Aaron Douglas: African American Modernist

This is a oil painting of a hand coming from the sky and pointing to a smaller figure on the land.

Aaron Douglas, The Creation, 1935, oil on Masonite, 48 x 36 in. (121.9 x 91.4 cm), Howard University Gallery of Art, Washington, D.C.

Aaron Douglas: African American Modernist is the first nationally touring retrospective that brings together more than eighty rarely seen works by the artist Aaron Douglas (1899 – 1979), one of the most influential visual artists of the Harlem Renaissance. 


The exhibition includes paintings, prints, drawings and illustrations. Douglas combined angular cubist rhythms, seductive art deco style, and traditional African and African American imagery to develop his own unique visual vocabulary, which was part of a rich interchange between the visual arts, music, dance, literature, and politics. His bold paintings, murals, and book illustrations opened doors for African American artists in Harlem and beyond and made a lasting impact on American modernism. Susan Earle, curator of European and American art at the Spencer Museum of Art, organized the exhibition; Virginia Mecklenburg, senior curator at the museum, is the coordinating curator.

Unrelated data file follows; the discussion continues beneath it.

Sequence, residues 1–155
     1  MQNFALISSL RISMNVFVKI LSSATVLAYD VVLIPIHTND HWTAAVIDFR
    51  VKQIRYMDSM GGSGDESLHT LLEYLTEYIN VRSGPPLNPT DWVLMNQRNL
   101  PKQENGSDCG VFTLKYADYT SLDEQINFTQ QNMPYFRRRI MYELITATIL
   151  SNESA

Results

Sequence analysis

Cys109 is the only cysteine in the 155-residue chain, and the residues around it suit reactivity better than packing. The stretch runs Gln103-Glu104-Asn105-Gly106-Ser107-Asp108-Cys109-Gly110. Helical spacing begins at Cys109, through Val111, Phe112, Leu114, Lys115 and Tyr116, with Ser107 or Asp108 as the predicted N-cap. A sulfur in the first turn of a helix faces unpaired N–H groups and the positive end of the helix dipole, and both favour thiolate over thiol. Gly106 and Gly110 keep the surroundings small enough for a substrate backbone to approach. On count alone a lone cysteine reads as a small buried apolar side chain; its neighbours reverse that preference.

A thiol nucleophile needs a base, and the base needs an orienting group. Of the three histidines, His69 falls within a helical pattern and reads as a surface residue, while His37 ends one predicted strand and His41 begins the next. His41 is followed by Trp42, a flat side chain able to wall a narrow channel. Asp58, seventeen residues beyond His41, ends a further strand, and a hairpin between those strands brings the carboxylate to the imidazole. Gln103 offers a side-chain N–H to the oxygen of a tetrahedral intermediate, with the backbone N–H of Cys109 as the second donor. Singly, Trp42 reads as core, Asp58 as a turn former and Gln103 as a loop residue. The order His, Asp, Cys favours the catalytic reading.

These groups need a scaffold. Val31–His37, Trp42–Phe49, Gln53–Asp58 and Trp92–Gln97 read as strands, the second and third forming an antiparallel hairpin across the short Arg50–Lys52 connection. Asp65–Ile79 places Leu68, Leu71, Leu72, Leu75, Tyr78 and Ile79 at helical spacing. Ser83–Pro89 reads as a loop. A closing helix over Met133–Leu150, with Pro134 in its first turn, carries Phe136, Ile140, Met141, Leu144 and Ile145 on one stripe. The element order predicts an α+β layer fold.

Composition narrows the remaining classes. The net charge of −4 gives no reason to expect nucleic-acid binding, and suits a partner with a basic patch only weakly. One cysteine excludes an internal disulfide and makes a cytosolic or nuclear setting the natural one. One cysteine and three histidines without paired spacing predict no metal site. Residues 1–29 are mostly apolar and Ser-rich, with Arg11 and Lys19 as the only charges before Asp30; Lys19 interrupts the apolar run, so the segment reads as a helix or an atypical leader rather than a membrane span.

Visiting Information

May 8, 2008 August 2, 2008
Open Daily, 11:30 a.m.–7:00 p.m
Free Admission


Aaron Douglas: African American Modernist was organized by the Spencer Museum of Art at the University of Kansas in Lawrence. The exhibition and accompanying catalogue are made possible in part with support from the Henry Luce Foundation and the National Endowment for the Arts.

The Diane and Norman Bernstein Foundation, Inc. and PEPCO are proud to partner with the Smithsonian American Art Museum on the exhibition in Washington, D.C.

Exhibition Catalogue

A major monograph on Douglas accompanies this exhibition. The book includes an introduction by Kinshasha Holman Conwill, deputy director at the Smithsonian’s National Museum of African American History and Culture plus essays by a number of prominent scholars, including Susan Earle, curator of the exhibition; David Driskell, professor emeritus at the University of Maryland; and Richard Powell, professor of art and art history at Duke University.